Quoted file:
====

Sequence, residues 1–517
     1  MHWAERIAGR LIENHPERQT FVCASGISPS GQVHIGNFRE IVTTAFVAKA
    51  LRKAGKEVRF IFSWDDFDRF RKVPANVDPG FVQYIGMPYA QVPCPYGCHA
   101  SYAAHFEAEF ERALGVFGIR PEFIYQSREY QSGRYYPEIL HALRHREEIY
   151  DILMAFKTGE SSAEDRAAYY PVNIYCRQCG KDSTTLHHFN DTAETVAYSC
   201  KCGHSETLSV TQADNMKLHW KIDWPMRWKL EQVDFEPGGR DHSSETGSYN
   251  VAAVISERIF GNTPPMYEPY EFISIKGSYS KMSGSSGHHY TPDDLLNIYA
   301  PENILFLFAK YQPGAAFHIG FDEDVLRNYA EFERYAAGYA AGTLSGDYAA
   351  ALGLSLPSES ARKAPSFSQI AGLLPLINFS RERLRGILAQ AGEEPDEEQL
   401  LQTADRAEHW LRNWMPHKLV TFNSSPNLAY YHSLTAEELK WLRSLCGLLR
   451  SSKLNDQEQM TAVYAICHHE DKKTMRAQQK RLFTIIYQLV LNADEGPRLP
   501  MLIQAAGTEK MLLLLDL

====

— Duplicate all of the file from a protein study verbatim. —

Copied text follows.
Sequence, residues 1–517
     1  MHWAERIAGR LIENHPERQT FVCASGISPS GQVHIGNFRE IVTTAFVAKA
    51  LRKAGKEVRF IFSWDDFDRF RKVPANVDPG FVQYIGMPYA QVPCPYGCHA
   101  SYAAHFEAEF ERALGVFGIR PEFIYQSREY QSGRYYPEIL HALRHREEIY
   151  DILMAFKTGE SSAEDRAAYY PVNIYCRQCG KDSTTLHHFN DTAETVAYSC
   201  KCGHSETLSV TQADNMKLHW KIDWPMRWKL EQVDFEPGGR DHSSETGSYN
   251  VAAVISERIF GNTPPMYEPY EFISIKGSYS KMSGSSGHHY TPDDLLNIYA
   301  PENILFLFAK YQPGAAFHIG FDEDVLRNYA EFERYAAGYA AGTLSGDYAA
   351  ALGLSLPSES ARKAPSFSQI AGLLPLINFS RERLRGILAQ AGEEPDEEQL
   401  LQTADRAEHW LRNWMPHKLV TFNSSPNLAY YHSLTAEELK WLRSLCGLLR
   451  SSKLNDQEQM TAVYAICHHE DKKTMRAQQK RLFTIIYQLV LNADEGPRLP
   501  MLIQAAGTEK MLLLLDL